has any one have this kind of situation or what am i doing wrong. any advise will be appreciated. thanks
That's hard because it is natural for them to do so. I've been pretty firm on a loud No bite! Seems to help.
Everyone whose had a lab puppy has been in this situation. It's a very natural canine behavior. There are many ways to handle the nippiness. The method that worked for us was YELPING really loudly when Sami would nip us. It would startle her. We would then say "no bite" and immediately turn our backs and walk away from her. Also, anytime that Sami would get too wound up and bitey we would just stop playing with her -- going so far as to turn our backs to her. If we were on the floor, we'd get up and walk off. She learned pretty quickly that we just wouldn't play with her when she was like that.
A couple of things -- make sure if you stand up to ignore her that you stand up completely straight. Dogs interpret leaning forward as a sign of play.
Whatever method you try, please understand that your puppy will probably continue to nip until around 5+ months of age, or when their adult teeth come in. However, that doesn't let you off the hook now -- you still need to be consistent (everyone in the family -- children included -- must handle it the same way) or you will end up with a older dog that still nips.
Don't worry -- it WILL go away ... although when you're going thru it, it sure doesn't seem like it. ;D
Just back from puppy class and we talked about biting.
A firm/loud "ow!" or "no bite!" and stop play immediately. If this doesn't work or it escalates, a time out may be necessary in the crate. Crating nicely, simply a time out, not a punishment. Never use the crate as punishment. it helps for puppy to learn that when biting starts, play stops.
When puppies play with each other, they bite. They need to learn that humans have thin skin and biting hurts.
I hope that helps. I will try it. I have had no choice but to put Miles in time out when my 2 1/2 year old grand daughter is over OR keep him on a leash. Now that he's 12 weeks, he's more rambunctious and he sees her as a litter mate. Hi behavior around her is different and he tends to be much more fired up. I never crate him until I see he's really going to be at her but when he's like that he scares her and his nipping hurts her. This is a big thing we will be working on because I'd like them to coexist in peace. Her age makes it tough too because she isn't yet able to follow instructions at the degree necessary to deal this Miles.
Tell me about it! : Sadie bites and nibbles at everything, including us. We do the "no bite", but we will have to start to use the "time out" method, aswell as the "ow/cry" method when she begins to bite us while we are playing. Good advice!Originally Posted by ThatsMyGirl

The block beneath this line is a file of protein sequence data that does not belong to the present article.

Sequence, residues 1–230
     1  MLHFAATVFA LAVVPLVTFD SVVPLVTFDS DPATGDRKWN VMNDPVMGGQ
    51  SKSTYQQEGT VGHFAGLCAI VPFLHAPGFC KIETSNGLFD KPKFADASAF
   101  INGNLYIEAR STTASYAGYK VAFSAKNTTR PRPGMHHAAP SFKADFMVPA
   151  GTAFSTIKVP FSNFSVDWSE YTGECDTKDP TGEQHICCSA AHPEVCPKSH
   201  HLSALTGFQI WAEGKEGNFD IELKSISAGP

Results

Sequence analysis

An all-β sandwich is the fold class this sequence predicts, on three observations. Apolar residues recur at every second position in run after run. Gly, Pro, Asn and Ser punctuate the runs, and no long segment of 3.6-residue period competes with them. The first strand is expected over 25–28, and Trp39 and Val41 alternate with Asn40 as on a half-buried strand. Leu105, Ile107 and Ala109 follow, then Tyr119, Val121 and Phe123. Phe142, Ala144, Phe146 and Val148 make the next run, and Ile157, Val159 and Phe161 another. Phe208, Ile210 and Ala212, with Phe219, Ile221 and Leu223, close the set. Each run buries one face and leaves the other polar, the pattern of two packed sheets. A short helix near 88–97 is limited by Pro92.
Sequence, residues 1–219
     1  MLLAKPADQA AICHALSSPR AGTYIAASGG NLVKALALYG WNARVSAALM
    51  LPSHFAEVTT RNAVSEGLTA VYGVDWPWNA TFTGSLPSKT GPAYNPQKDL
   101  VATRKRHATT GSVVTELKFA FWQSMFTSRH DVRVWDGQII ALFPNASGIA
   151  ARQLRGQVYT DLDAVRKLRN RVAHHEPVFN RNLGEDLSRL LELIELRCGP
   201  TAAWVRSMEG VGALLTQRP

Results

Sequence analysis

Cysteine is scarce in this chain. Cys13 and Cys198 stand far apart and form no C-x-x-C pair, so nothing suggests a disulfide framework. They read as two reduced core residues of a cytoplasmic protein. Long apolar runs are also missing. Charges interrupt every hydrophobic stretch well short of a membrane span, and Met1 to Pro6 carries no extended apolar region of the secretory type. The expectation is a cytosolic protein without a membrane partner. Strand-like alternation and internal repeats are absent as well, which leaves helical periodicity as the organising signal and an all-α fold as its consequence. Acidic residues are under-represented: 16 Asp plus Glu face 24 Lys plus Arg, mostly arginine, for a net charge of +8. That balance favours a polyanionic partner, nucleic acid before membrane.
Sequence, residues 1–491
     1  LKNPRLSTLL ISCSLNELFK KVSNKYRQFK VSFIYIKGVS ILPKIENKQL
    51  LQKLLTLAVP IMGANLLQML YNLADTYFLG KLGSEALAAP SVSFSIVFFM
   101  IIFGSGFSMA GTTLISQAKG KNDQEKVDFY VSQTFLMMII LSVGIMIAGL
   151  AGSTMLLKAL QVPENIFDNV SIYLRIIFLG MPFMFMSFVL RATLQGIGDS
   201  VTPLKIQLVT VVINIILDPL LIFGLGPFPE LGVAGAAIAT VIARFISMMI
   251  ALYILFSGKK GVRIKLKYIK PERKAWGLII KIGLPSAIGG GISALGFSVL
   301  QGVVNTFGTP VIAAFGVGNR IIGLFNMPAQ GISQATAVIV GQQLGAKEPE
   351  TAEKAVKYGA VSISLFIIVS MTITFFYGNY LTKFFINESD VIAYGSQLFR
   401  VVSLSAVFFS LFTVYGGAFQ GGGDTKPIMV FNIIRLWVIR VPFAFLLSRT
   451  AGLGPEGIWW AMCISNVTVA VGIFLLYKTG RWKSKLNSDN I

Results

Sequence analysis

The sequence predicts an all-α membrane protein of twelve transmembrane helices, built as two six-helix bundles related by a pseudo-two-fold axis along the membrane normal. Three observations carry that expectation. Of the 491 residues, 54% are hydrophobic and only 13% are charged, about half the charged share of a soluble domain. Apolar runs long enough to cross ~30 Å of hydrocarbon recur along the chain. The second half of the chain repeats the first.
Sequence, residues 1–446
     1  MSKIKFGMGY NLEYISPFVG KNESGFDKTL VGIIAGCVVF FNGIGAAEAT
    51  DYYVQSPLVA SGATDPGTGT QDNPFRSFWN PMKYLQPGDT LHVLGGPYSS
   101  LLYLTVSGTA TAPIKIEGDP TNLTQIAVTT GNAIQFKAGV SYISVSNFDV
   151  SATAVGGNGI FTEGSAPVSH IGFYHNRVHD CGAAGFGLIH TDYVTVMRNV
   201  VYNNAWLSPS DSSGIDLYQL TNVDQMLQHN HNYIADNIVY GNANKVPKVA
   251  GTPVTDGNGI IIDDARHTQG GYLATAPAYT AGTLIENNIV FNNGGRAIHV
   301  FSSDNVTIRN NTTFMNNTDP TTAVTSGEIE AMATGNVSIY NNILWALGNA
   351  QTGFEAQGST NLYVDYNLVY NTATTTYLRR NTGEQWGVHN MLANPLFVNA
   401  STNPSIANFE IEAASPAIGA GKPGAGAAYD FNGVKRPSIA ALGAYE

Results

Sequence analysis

Biscuit was a crazy maniac biter until he was about 5 months old, or so. When he put his teeth on me (and Gosh, do I remember those needle-like puppy teeth!), I also said in a VERY stern voice "NO BITE", and I totally removed all my attention, because that was the thing he wanted most of all. My boyfriend used to slap him on the nose when Biscuit bit him and that just encouraged the behavior because Biscuit thought he was playing. :-\
I also tried to give him an alternative to my hand/nose/toes and would put an appropriate toy in his mouth when he got reallly mouthy. I'd then say "good toy", or something like that- to help him differentiate what is ok and not ok to chew/bite.
With consistency between you and everyone else who plays with your pup, she will outgrow this stage!!
<br />Kristin & Biscuit
Had to put Sadie in a time out tonight. I felt bad. I only put her in her crate for about 5 mintues. She just got way too bitey. Any form of "ow/cry" method was seldomly working today, (though it does work most of the time), and then when followed with a firm "No Bite!".....today it just seemed to make her more bitey. So we put her in her crate. She wasn't sleepy, and as she was in prime play mode, she was not happy about it. She barked for a couple minutes, then it turned into a whine for a couple more. Ignoring her while she was in her crate was crucial. And shortly she was quiet, and much more calm. We brought her out, and tried to treat train a bit to give her some praise, but you could tell she knew she had done something wrong...she looked all sad like. She laid down in the corner, and ahd a little nap. We let her. But after a bit, I awoke her with some treats in tow. With some training and praise, she was back to her cheerful self.
What does this mean? The time out worked. Well, it seem to have worked. She got out of control and we put an arupt end to it. I just hope we dont have to do it more often. But boy, she has some sharp teeth!